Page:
The combination of my personal taste and large upper arms dictates the fact that I like nicely fitting shoulder seams in garments I wear, whether made by me or not.  Sometimes I fail a bit in reaching this area of fitting perfection, but drooping shoulders are something I (and others as well, I’m sure) cannot stand.  This dress pattern has a very droopy shoulder seam, especially at the top where the shoulder seam joins the sleeve cap. The droopy shoulder can be seen looking very closely at the envelope picture and a few finished dresses seen on Google Images, as well as read about on a few bloggers’ reviews.

My easy fix to remedy such a problem, was to first put the bodice front pattern piece up against myself and estimate how much needs to be taken off (considering in seam allowances, of course) so the sleeve ends up fitting naturally around my arm/shoulder joint.  I folded in the top shoulder corner facing the sleeve on the bodice front pattern piece, smoothing it into a straight line down to the triangular tab (see my picture).  The shoulder area of the sleeve was left alone since several bloggers complained of too much poufiness around the sleeve top below the box pleat.  Sure enough, my configurations worked out great – the shoulder seam ends at the right spot around my arm.  The sleeve cap pleat also is looking great from being pulled in farther across the point of my shoulder so the fullness opens up right at my biceps’ width.  Knits make fitting so much easier, but I regard this dress as one of my project that reached a sleeve/shoulder fitting perfection.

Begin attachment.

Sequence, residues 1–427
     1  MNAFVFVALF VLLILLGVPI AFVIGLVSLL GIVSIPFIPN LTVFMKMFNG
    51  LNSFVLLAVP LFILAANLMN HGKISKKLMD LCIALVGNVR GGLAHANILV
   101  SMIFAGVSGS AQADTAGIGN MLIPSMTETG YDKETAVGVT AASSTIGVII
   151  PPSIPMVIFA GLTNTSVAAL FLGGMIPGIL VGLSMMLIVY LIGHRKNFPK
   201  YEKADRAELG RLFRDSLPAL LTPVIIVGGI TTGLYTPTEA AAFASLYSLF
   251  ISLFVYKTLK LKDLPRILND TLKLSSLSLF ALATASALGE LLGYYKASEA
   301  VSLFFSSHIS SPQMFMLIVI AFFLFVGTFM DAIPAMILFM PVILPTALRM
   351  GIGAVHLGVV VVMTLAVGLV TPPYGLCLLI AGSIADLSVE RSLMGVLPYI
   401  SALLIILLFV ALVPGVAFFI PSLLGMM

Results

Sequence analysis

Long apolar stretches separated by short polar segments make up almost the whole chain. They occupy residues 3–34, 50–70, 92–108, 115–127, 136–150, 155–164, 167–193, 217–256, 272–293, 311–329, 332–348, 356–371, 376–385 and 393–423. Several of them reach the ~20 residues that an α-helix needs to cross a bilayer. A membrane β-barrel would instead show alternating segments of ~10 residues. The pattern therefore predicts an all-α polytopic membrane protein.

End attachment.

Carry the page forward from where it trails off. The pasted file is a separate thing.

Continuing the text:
Check out my picture above closely and you should be able to see how I raised the neckline at the center so it doesn’t dip quite so low to be revealing.  My neckline became more of a U, instead of a curved V, and just this new shape, raising the center up 1 1/2 inches, made a BIG (but good) difference.